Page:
‘I ‘ll have a glass of the house, please’: it’s become universal code when dining out, a way of coyly ordering the cheapest wine on the menu without explicitly announcing that you want the cheapest wine on the menu. Ironically, some of the most exciting restaurant house wines are simply labelled ‘white blend’ or ‘red blend’, which at least teases those of us so inclined to try and guess what grape varieties might be the mix – like a vinous version of the mystery bag game. But on the whole, a restaurant’s house wine can often be uninspiring and bland.
In the last few years, though, a raft of restaurants around the world have been reclaiming the term, realising that, as the entry point for most customers, it pays to be pickier when selecting a house bottle that takes a regular or permanent slot on the wine list.
‘House for us is what we think is good and what we are proud to serve’ says Alex Kratena, co-founder of Tayēr + Elementary in London. Coming from a cocktail bartending background, both he and co-founder Monica Berg say that their perspective is much more flavour focused, which has afforded them a freedom when coming up with ideas for their exclusive house wines. At the bar-restaurant hybrid, these are listed under the label ‘Smashable’, sourced from the Czech Republic and adapted with the seasons – last year, they were pouring an orange wine that had been macerated with leaves, while this year they say the theme is ‘orange juice’.
But it’s not just at the cool cocktail bars of east London where house wines are getting a makeover. Rick Stein’s in Cornwall (and at its other UK locations) serves its own-label white Burgundy, which is custom-made for the restaurant group. ‘I really want them to be a certain style. I want to be able to control the quality and make sure that what the guest gets in the glass is the best it can be,’ says Charlie Stein, director of the Rick Stein Group.
With house wines increasingly becoming a confident expression of a restaurant’s identity, ordering a glass might soon be something you’ll happily announce to the rest of the room.
Five top house wines to try in UK restaurants
Rick Stein white Burgundy, Rick Stein’s
Just like the veteran celebrity chef behind the restaurant group, this wine is a classic. Coming from the Mâcon by producer Julien Collovray, it was initially only intended to be sold for a year to celebrate the 40th anniversary of the first Rick Stein restaurant. However, it proved such a hit that it stayed on the list. Each year, the wine is slightly altered to keep things interesting – with oak levels adjusted, for example. Currently, expect to find notes of lemon, lime, white peach and apricot, with hints of wood spice and popcorn coming from that time in oak.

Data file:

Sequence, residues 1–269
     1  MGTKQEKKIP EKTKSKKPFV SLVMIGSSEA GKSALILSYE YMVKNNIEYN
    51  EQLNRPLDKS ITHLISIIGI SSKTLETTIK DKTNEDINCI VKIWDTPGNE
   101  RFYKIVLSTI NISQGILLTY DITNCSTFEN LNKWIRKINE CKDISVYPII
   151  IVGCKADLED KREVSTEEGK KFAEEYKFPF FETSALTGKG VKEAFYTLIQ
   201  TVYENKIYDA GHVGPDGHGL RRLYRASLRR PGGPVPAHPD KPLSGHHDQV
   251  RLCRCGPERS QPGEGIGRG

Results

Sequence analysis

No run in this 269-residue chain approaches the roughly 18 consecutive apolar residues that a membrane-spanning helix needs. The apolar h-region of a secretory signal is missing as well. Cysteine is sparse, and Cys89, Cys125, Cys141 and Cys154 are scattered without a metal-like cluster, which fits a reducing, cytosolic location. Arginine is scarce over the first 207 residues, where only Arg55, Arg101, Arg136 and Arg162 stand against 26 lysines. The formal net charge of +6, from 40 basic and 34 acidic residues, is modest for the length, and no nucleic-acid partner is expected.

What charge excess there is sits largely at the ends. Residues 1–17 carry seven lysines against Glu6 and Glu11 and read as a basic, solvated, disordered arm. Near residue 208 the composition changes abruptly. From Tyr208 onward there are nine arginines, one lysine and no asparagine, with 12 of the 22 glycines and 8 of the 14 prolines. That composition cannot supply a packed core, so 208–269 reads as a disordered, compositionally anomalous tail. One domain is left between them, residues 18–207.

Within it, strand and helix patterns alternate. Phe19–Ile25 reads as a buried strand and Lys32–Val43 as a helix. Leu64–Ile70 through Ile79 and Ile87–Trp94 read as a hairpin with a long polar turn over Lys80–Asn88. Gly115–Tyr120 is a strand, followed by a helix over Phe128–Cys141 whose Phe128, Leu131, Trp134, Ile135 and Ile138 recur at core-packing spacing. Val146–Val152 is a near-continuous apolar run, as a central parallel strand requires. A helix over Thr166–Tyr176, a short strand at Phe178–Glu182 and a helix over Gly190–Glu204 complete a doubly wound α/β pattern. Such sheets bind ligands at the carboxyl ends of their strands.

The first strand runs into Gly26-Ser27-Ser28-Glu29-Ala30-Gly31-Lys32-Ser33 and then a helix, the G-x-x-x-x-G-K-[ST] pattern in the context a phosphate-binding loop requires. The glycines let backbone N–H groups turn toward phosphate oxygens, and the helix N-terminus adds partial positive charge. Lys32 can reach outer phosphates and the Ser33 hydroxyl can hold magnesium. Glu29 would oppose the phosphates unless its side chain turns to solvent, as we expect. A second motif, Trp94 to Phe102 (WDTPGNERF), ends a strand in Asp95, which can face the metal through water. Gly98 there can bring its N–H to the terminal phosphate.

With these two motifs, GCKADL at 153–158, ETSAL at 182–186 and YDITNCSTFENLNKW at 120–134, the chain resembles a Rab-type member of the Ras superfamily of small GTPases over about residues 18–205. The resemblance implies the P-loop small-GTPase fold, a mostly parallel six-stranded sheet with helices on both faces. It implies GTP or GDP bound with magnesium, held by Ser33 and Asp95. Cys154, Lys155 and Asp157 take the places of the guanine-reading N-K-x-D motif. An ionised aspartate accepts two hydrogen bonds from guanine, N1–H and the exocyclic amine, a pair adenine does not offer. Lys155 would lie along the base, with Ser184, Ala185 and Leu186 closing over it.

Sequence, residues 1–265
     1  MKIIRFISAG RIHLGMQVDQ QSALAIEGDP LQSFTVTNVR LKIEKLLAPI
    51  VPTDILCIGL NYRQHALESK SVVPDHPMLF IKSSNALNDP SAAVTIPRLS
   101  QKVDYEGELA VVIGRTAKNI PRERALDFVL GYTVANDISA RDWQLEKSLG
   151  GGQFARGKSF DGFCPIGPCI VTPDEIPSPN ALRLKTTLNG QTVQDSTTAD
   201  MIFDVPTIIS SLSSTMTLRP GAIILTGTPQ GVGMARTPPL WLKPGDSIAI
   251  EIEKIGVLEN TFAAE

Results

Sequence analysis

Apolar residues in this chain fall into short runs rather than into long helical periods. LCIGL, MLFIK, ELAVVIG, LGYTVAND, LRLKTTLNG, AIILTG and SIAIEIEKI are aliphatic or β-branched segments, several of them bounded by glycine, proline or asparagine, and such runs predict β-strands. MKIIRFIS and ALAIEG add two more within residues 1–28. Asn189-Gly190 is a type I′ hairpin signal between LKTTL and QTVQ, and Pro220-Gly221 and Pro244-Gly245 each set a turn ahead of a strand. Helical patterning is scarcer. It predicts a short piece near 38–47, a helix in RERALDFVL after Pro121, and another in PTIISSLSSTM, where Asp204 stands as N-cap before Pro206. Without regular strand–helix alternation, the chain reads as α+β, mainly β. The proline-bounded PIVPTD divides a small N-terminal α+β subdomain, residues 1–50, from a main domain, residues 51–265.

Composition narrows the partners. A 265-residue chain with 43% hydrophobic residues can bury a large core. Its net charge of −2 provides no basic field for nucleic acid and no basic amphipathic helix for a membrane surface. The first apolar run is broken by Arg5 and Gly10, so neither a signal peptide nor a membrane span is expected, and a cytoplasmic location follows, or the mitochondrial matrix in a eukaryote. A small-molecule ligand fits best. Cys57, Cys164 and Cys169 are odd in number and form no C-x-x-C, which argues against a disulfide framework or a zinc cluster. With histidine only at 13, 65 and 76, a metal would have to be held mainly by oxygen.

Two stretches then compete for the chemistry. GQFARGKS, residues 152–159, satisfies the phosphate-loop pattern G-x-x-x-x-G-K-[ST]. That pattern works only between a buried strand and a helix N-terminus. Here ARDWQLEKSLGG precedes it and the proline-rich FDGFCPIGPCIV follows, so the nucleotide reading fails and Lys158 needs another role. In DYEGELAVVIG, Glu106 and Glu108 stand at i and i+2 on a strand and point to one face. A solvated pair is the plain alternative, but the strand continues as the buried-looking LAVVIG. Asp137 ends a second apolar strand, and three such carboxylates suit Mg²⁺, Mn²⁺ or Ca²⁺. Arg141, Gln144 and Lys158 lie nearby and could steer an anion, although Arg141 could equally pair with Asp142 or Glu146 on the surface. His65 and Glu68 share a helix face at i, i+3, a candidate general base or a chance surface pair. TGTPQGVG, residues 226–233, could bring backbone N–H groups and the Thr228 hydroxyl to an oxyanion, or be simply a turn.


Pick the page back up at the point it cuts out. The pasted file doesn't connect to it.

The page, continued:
Restaurant locations in Cornwall, Poole, Hampshire, Wiltshire, London; £48 per bottle
Tayēr x Nestarec Smashable (white), Tayēr + Elementary
A 100% Riesling from Kratena’s home country of the Czech Republic. It’s fermented in barrel and then left on lees until bottling. Fresh, baked and dried apple are all present on the nose with additional aromas of ripe yellow pear, yellow blossom, lime, dried mango and a hint of sweet spice. The time on lees gives the wine texture, which really balances the characteristic acidity of Riesling.
London; £35 per bottle
Pulenta Estate ‘Hawksmoor Blend’ Malbec, Hawksmoor
Of course, there are plenty of other wines that would work well with Hawksmoor’s meaty menu, but the restaurant group has plumped for a Malbec house blend. After all, steak and Malbec is a tried and tested formula for the ages. With characteristics of ripe black cherry and damson intermingled with chocolate and caramel notes and layered with a savoury meat, smoke and dried herbs, this wine has enough structure to stand up to the food while retaining a good level of acidity.
Restaurant locations in Manchester, Edinburgh, New York, London; £47 per bottle
Sola Fred Tinto, Leroy
Head Sommelier Bradley Tomlinson says Leroy’s wine list is constantly in flux. ‘I might buy 12 bottles of something and that is our house for the week, and next week it’s something entirely different. We like a list that is alive in the way that wine is.’ At the time of writing, the house wine is an unoaked Carignan from Spain’s Montsant, which is full of fresh summer berries with a hint of violet on the nose. This bottle is all about primary fruit and ease of drinking, and feels deceptively light despite clocking in at 14% abv.
London; around £38 per bottle
House wine (white), Top Cuvée
Founders Brodie Meah and Max Venning focus on natural and seasonal produce at Top Cuvée. The simply named ‘house wine’ is purchased in kegs and bottled and labelled in house to keep environmental impacts to a minimum. Takeaway bottles are also encouraged to be returned with the incentive of money off the next purchase. This season’s white is a lively Arinto from Portugal with flavours of green apple, lemon zest and camomile ending on a chalky minerality.
London; £16 per bottle